There are two major parts to this book. The first part (Chapters 1–4) introduces the mathematics of populations. This section begins with models based on iteration of reproduction curves; these can be done geometrically, with a hand calculator or with a computer. Starting with Malthus’s model of geometric population growth and proceeding to models whose solutions are chaotic, we introduce various mathematical methods for studying and simulating model systems. Other topics include age structure and infinitesimal sampling intervals. The second, third, and fourth chapters are shorter than the first, and they are separated only because they study quite separate population phenomena. These chapters introduce ideas of probability theory to model random events in populations. Random models and their non-random analogues are developed, and through the chapters we discover how the random and non-random models are related. Two problems from genetics are studied in Chapter 2, Chapter 3 is about two problems from epidemics, and Chapter 4 is about dispersal processes. The models in Chapter 1 do not account for random sampling effects in populations, but the examples in the next three chapters do. The intention is to expose students early to ideas of probability in modeling, to build random and non-random models of similar phenomena, and to understand how the two are related.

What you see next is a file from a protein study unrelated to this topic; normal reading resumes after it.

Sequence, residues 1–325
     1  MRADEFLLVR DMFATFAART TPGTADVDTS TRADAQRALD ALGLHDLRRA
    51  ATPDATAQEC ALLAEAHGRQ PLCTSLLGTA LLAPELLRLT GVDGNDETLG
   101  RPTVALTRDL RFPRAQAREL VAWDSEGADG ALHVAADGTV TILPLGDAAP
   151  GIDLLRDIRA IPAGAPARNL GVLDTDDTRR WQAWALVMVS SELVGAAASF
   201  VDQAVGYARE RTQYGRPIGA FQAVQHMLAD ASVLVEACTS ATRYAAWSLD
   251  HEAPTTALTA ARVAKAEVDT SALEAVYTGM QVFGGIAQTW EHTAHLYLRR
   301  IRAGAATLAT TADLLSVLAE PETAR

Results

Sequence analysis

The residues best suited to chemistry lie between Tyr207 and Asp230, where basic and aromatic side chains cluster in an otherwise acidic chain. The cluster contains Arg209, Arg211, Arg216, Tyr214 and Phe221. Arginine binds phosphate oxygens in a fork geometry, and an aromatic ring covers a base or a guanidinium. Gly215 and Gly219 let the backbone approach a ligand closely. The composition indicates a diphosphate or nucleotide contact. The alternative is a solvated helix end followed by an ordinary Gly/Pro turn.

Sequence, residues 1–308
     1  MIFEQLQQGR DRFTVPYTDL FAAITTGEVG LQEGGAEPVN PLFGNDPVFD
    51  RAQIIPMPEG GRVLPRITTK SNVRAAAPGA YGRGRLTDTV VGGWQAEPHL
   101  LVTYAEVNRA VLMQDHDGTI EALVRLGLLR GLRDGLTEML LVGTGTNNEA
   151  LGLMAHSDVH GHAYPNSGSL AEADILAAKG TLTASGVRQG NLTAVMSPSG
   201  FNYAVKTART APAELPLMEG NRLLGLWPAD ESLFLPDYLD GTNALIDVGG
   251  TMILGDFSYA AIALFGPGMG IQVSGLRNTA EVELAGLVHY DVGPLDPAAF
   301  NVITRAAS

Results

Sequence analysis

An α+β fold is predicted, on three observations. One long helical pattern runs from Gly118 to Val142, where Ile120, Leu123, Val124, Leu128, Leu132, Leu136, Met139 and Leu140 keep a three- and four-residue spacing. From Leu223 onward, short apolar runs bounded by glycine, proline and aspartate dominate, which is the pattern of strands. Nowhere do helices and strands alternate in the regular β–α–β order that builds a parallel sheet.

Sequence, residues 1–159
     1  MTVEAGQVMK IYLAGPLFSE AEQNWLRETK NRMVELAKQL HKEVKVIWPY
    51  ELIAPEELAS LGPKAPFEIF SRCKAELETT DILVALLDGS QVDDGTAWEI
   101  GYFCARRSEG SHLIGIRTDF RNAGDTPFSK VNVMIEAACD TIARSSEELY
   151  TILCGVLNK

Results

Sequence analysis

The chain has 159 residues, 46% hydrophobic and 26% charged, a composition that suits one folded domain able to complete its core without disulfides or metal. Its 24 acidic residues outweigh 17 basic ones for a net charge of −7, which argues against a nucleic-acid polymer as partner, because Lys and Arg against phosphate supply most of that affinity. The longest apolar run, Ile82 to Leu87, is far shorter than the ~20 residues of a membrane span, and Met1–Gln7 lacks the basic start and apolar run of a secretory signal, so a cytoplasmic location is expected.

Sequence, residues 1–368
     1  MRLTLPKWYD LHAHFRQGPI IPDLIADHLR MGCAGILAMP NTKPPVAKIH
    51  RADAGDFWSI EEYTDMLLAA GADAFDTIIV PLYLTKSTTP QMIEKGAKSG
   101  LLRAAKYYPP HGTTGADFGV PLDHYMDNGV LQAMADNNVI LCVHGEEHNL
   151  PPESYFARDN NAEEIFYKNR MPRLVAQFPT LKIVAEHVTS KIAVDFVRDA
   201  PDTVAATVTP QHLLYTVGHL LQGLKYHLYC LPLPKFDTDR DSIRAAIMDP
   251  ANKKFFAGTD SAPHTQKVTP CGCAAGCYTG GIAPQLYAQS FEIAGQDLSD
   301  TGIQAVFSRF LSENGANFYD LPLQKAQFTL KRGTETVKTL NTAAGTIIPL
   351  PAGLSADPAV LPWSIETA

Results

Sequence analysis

KeywordsMarkov Chain Model Random Model Exhaustible Resource Fundamental Biological Process Hand Calculator
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